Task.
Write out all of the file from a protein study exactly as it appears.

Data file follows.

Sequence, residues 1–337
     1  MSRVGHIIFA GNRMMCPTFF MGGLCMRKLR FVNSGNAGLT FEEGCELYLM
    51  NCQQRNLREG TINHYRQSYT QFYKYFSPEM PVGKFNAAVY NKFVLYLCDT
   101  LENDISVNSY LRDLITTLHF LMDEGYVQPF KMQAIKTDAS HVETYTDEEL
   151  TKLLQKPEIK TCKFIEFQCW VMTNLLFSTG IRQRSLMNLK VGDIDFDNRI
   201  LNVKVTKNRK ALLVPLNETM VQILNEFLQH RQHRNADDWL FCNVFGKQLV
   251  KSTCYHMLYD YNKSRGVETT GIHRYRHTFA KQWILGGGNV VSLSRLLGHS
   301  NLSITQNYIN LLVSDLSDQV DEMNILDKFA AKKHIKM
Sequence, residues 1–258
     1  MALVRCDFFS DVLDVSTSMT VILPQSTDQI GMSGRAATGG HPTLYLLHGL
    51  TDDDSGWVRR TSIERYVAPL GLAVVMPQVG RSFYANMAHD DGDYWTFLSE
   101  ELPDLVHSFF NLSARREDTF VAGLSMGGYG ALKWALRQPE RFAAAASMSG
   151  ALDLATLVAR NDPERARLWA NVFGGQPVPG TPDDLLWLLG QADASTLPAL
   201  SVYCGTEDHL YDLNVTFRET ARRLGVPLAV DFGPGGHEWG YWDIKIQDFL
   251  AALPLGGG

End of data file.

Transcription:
Sequence, residues 1–337
     1  MSRVGHIIFA GNRMMCPTFF MGGLCMRKLR FVNSGNAGLT FEEGCELYLM
    51  NCQQRNLREG TINHYRQSYT QFYKYFSPEM PVGKFNAAVY NKFVLYLCDT
   101  LENDISVNSY LRDLITTLHF LMDEGYVQPF KMQAIKTDAS HVETYTDEEL
   151  TKLLQKPEIK TCKFIEFQCW VMTNLLFSTG IRQRSLMNLK VGDIDFDNRI
   201  LNVKVTKNRK ALLVPLNETM VQILNEFLQH RQHRNADDWL FCNVFGKQLV
   251  KSTCYHMLYD YNKSRGVETT GIHRYRHTFA KQWILGGGNV VSLSRLLGHS
   301  NLSITQNYIN LLVSDLSDQV DEMNILDKFA AKKHIKM
Sequence, residues 1–258
     1  MALVRCDFFS DVLDVSTSMT VILPQSTDQI GMSGRAATGG HPTLYLLHGL
    51  TDDDSGWVRR TSIERYVAPL GLAVVMPQVG RSFYANMAHD DGDYWTFLSE
   101  ELPDLVHSFF NLSARREDTF VAGLSMGGYG ALKWALRQPE RFAAAASMSG
   151  ALDLATLVAR NDPERARLWA NVFGGQPVPG TPDDLLWLLG QADASTLPAL
   201  SVYCGTEDHL YDLNVTFRET ARRLGVPLAV DFGPGGHEWG YWDIKIQDFL
   251  AALPLGGG